Sound City Finances and Well-Managed Budgets are the Hallmark of Public Stewardship
While some people consider the City budget a yearly document subject to change, I view the budget as the ultimate City Council policy statement for the year. In Aurora’s Council/Manager form of government, the budget represents Council’s only opportunity to direct how the City is managed and make spending decisions.
Unfortunately, the fiscal structure on which local governments rely is broken in Colorado. For example, as Mayor if I advocated for a supposedly revenue-neutral move to replace Aurora’s primary reliance on sales tax with more reliance on property tax, the long term impact on businesses would be largely negative – and that isn’t right. In some cases then, the only act of self-determination we have as a local government from a fiscal standpoint is introduce or raise fees for revenue, instead of raising taxes. It isn’t the best way, but it is better than not having enough money for improvements.
Introduce Zero Based Budgeting to the City Process. I have long been a supporter of what is sometimes called Zero Based Budgeting. In essence, it means requiring every City department to justify both its previous years’ expenditures and projected expenditures in the coming year. The budget starts at zero rather than at a certain percentage higher or lower than the previous year’s budget. As Mayor, I would work with City Council members to instruct the City Manager to institute this kind of sound budgeting process. I believe it represents a better way to identify both excesses and deficiencies in the budget for every government department each year.
Address Budget Priorities Creatively. I have some firm ideas about budget priorities; placing public safety above all else, for example. But having priorities doesn’t mean we can’t be creative in our budget. We didn’t have to close libraries two years ago. I believe the money to keep those libraries open was – and is – available. I also believe we can find new solutions to old problems. For example, instead of finding a way to name buildings after businesses, we could just as easily negotiate naming rights for a library system. Public servants owe it to the taxpayers to be more creative, more flexible, and more interested in changes that make our City government leaner and meaner.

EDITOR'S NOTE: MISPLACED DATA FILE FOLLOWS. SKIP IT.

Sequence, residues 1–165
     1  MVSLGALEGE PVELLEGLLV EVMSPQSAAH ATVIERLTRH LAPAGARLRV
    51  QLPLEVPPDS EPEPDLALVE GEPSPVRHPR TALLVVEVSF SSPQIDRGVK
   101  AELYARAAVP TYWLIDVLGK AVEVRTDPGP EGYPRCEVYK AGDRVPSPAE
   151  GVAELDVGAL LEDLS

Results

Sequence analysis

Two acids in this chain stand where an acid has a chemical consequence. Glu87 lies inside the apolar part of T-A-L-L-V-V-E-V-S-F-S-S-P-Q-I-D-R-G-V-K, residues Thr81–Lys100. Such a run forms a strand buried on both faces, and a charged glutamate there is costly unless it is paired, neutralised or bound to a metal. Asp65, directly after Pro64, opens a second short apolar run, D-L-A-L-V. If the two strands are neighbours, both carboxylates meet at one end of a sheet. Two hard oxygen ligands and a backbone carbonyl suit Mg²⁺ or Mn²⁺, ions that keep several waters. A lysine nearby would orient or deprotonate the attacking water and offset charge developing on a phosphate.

Assess How Much Taxpayer Money We Need. Due in large part to the leadership and foresight of Mayor Ed Tauer and our City Council, the City is very well run. Aurora is in particularly good shape as a result of efforts I began with other Council members, including Barb Cleland, in the 1990’s to establish a rainy day fund. In addition, our City also has a TABOR fund, an emergency fund and about 20 other special funds. It’s time to determine how much is enough—after all, this is the taxpayers’ money. The City may be facing a crisis of not setting and living with clear priorities and not taking action soon enough to avert problems, but the great news for One Aurora is that Aurora remains fiscally sound.
Make E-470 Produce Results for Stakeholders. I believe it is time to have a discussion with the E-470 Public Highway Authority about how the Authority, 20 years after initiating tolls, can provide benefit to its communities. Aurora agreed to build E-470 so there would be some benefit back to Aurora. As Mayor, I will advocate to the E- 470 board that it is time to address how this organization will benefit One Aurora.
Divert Truck Traffic Onto E-470. Parts of the city have had to deal with noise from trash hauling trucks for years. Other parts of the city are afraid they will soon have to. In addition, the City has had to spend a small fortune on repaving Hampden. I believe it’s time to have a conversation with E-470 about truck toll rates to encourage the transition of trucks from city streets to E-470.
Where I Stand on Timely Issues Facing Aurora
There are several items that haven’t been addressed in the remainder of this One Aurora Plan, but need to be highlighted. Here they are, along with my position on each.
I Support the 2 per 1,000 Policing Plan. As many who oppose the plan wrongly assert, the 2 per 1,000 Plan is not at all unusual or exorbitant. In fact, it’s an average requirement for cities our size across the nation. The voter approved plan does not bust the City budget. Rather it mandates law enforcement as the top priority for Aurora. In addition, the 2 per 1,000 plan has helped to integrate Aurora’s Police Department, and I want it to continue. The elimination of this plan would immediately create a $10 million hole in the budget and likely result in laying off police officers and firefighters. With apologies to the Rolling Stones, “you can’t always get what you want, but if you try sometimes, you just might find, you get what you need.” Aurora needs to get its priorities in line – with public safety first. Only with a clear set of priorities can we decide what comes next.
I Oppose the Likely Recreational Bond Issue. Now is not the time to raise taxes to the tune of $100 million to fund a plan that will only serve a portion of the City. While what follows is clearly fiction, we could partner with each of the school districts to allow us to upgrade lockers and equipment in every high school in Aurora and allow citizens to use the pools and tracks, and it would cost much less than $100 million. We need to be more accountable and creative to One Aurora.
I Oppose Extending Mill Levies to Pay for Capital and Operational Needs. Similar to the recreation bond issue, this isn’t the right time to incur new debt. Aurora needs some of these improvements, but when there is no campaign committee in place to adequately educate voters and advocate a YES vote, the ballot issue is almost certain to lose. City leadership is imperative in communicating messages of explanation and support prior to moving forward with incurring debt for our residents.